Nourishing the body to reduce inflammation naturally speeds healing. Try adding an Omega-3 fatty acids supplement to naturally soothe the inflammatory process and speed healing.

Hormone-balancing supplements for women in menopause

On average, a woman loses 10% of her bone mass during the menopause transition — an entirely normal part of the bone breakdown and build up process. While most women have enough bone mass to handle this loss just fine, some women may experience excessive bone loss of up to 20%

One key factor in your bone health risk during menopause is the state of your hormonal balance. Hormonal changes during menopause disrupt your body’s natural bone building process. Estrogen helps preserve calcium in the body and prevent bone breakdown, but when estrogen falls out of balance with other hormones, your bones lose this benefit.

Low progesterone levels common in perimenopause may also affect bone-building cells, disrupting the natural process of bone breakdown and repair. Interfering with this process can have a negative effect on the health of your bones over time.

Researchers have found that most bone loss occurs one year before and two years after a woman’s final menstrual cycle. These three years are an important window of time for bone protection that you need to take advantage of by keeping your hormones balanced with a natural supplement for hormonal support and/or a separate bioidentical progesterone cream supplement.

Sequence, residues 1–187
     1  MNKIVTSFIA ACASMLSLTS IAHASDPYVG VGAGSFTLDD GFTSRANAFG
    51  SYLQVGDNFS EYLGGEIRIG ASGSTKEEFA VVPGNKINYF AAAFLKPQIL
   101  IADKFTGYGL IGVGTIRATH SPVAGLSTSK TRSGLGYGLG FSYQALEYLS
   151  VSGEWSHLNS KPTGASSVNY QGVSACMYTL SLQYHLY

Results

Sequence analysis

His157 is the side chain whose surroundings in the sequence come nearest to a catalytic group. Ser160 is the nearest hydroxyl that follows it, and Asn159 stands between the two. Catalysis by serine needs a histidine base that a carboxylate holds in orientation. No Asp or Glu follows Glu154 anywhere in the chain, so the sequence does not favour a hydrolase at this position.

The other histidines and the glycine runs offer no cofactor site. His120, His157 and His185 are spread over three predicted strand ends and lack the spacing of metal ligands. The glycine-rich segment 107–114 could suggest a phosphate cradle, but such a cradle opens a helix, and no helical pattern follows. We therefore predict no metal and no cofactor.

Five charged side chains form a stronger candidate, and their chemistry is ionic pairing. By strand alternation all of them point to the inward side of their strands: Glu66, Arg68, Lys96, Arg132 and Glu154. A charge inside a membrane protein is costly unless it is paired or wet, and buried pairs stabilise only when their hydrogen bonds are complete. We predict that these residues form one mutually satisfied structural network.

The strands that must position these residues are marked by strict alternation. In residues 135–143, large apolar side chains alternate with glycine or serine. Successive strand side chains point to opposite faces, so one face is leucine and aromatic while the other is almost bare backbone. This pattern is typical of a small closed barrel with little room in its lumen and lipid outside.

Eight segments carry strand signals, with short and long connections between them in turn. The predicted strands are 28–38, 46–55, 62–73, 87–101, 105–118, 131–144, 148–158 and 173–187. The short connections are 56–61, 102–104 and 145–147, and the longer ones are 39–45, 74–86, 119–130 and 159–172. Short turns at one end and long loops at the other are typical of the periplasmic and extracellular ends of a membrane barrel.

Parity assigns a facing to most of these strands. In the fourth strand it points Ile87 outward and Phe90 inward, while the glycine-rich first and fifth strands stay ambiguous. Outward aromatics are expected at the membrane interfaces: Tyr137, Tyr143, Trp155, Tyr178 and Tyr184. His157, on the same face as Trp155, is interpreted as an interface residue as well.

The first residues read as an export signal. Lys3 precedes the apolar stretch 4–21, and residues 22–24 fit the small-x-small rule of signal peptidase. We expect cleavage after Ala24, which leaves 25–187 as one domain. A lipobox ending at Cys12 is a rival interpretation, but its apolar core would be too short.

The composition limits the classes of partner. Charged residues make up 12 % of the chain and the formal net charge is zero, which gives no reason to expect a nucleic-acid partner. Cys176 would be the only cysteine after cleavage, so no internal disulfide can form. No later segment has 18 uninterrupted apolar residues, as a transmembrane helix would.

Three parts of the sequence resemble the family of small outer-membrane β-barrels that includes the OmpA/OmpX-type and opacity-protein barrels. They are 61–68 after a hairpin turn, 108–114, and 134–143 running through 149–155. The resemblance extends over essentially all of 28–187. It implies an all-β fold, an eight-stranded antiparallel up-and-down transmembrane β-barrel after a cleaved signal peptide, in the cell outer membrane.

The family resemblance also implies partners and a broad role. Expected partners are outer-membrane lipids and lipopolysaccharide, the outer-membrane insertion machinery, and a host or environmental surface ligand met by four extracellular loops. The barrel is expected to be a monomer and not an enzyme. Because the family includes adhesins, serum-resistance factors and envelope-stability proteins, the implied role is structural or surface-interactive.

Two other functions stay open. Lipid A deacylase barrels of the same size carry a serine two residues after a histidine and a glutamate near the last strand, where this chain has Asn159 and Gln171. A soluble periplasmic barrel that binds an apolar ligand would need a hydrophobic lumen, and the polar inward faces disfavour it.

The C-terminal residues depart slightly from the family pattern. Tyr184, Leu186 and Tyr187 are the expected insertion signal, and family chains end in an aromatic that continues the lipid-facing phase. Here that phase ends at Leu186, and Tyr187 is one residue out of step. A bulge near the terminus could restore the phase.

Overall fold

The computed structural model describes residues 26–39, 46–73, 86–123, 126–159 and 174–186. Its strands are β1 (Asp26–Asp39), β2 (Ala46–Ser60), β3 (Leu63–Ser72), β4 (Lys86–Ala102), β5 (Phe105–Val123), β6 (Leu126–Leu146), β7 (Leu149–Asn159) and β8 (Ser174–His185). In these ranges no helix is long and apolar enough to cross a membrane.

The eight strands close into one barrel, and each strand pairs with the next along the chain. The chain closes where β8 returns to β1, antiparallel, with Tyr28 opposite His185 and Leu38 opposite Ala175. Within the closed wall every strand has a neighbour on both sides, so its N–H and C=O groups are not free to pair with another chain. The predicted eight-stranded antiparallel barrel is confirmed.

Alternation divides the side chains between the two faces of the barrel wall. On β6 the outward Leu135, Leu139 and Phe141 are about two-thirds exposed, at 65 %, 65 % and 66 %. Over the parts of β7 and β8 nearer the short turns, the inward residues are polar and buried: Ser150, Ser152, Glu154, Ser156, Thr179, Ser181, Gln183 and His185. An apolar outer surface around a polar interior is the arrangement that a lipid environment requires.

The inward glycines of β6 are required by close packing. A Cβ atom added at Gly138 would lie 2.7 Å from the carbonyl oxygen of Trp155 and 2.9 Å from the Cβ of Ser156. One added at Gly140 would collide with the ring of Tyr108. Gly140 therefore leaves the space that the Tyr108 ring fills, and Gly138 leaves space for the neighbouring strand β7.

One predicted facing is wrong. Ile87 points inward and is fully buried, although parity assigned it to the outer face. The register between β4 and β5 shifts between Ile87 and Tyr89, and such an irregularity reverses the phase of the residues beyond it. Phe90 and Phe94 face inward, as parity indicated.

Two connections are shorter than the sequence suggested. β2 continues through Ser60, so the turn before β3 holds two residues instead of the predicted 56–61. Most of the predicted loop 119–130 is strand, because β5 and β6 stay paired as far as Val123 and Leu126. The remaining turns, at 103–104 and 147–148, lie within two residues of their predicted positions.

Probiotics for bone health

You can’t benefit from nutrients in your food or nutrients in your supplements if you can’t absorb them. If you have experienced digestive issues in the past, this is a red flag that your digestive tract needs an infusion of good gut flora to assist with digestion and absorption. Evolving studies on probiotics and bone health have shown that probiotics can be helpful for stemming bone loss in menopause. Taking a daily probiotic is a good way to make sure you’re regularly replenishing healthy gut bacteria.

The sign of a quality probiotic is one that includes several strains of beneficial bacteria like our Super Biotic Probiotic.

Which bone supplements do you need — take our free quiz

To understand the best supplements for your bones, I have developed a free Bone Health Assessment quiz that provides you with personalized supplement recommendations based on your risk factors. Your answers to these simple questions about your bone health and overall health can reveal a surprising amount of information, including the many steps you can take to help restore your bone health.

Take the quiz now to find out the best supplements for your bones. I have worked with Women's Health Network to take great care in formulating superior quality natural bone health supplements. Women have reported having tremendous results with these supplements.

Published: March 26, 2021 - Last Updated: April 8, 2021